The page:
Of course, anything could happen, but I expect the fall market to be busy, and for prices to start going back up – although I hope at a more sustainable rate than we saw earlier this year. We’ll know more in the coming weeks!

 

 

Market Review – June 2017

July 7th, 2017 Posted by Market Review No Comment yet

The Toronto Real Estate market continued to moderate in June. The first point to note is that the average sale price was up 6.3% over June, 2016. Somehow, TREB’s HPI was up 25.3%, which may indicate that the unweighted average was brought down by a higher proportion of sales at the lower end of the market (e.g. condos: in June 2016 about 24% of sales were condos; last month is was closer to 30%). Over the last 12 months, the average price of a detached house was up about 10.2%, and the average price of a condo was up about 23%.

Of course, the louder news is that prices are down from earlier in the year. That’s no surprise, given the severity of the price spike in the first quarter – and, again, it’s a good thing. The market cannot sustain price increases in the 20-30% range. A bit of a pull-back was in order. As for the causes, who knows? Some speculate that it’s because of the 15% foreign buyers tax. Foreign buyers were such a small part of the market (maybe in the range of 5%…?) that it’s hard to say if enough of them have backed out of the market to have a measurable impact. Maybe it’s just buyers taking stock and getting the new lay of the land before proceeding. Or, maybe it’s just the usual spring surge in listings taking the pressure off price escalation. Either way, the market has been unsettled for a few months.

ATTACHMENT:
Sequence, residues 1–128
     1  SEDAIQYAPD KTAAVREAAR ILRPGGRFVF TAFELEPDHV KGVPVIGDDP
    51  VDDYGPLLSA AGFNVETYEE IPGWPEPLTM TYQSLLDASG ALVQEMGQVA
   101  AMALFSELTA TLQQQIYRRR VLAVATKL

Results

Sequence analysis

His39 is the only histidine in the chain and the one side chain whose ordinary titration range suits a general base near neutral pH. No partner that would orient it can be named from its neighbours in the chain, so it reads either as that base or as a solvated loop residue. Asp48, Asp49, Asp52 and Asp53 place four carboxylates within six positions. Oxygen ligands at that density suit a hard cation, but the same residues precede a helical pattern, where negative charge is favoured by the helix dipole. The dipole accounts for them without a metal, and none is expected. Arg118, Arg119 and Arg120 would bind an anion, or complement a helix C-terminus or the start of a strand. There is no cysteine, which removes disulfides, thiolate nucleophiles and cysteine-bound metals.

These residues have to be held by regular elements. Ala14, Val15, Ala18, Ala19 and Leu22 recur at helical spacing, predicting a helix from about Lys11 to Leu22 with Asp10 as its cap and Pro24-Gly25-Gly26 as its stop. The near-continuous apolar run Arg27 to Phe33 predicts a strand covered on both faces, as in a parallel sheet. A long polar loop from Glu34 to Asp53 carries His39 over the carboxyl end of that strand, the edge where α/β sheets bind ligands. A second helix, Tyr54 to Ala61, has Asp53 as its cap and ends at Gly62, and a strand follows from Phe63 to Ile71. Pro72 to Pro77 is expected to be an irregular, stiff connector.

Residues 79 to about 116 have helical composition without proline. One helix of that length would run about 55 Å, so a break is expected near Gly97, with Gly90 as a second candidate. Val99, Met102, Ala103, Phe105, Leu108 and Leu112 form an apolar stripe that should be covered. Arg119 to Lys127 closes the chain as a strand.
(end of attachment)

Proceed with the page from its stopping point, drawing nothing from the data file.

Still, it has been good for buyers – although fewer buyers took advantage of these more favourable conditions. The number of sales was down 37.3% from 2016, to just 7974 (and keep in mind that year-over-year the average sale price was up 6.3%). Those buyers had greater selection: the number of new listings was up 15.9% and the total number of available listings at the end of the month (19,680) was up 59.6%. For reference, the number of available listings in June 2007 was 21,789 – and that was down from 25,393 the year before! The current supply is up over last year, but we are still well below historical supply levels.

The market is not “correcting” in the sense that prices are going to go down below previous years. It’s leveling out. *BUT* these conditions won’t last. The Canadian economy is strong, and job creation is at its quickest pace since 2010. With interest rates set to rise, buyers will want to move quickly to make a purchase and secure as low an interest rate as possible. That’s going to fuel a surge in buying. What that will do to prices remains to be seen. Getting back to 5-10% annual increases would be great – healthy, great for investing, but also sustainable.

I think that sellers should hedge their bets and try to sell into this summer market. Things are going to pick up soon, and you don’t want to miss your buyer. Sure, prices may firm up through the second half of the year, but we’ve seen the top prices for 2017 already. Whatever we see for the rest of this year will be up from last year, but probably not by much. And buyers really should get out there and make their purchase ASAP. Whatever prices do, I doubt that the selection will get much better than it is now. The best time to buy is when nobody else is (or few others are) buying – that’s when you can make your best purchase. Lock in a great rate before they start rising.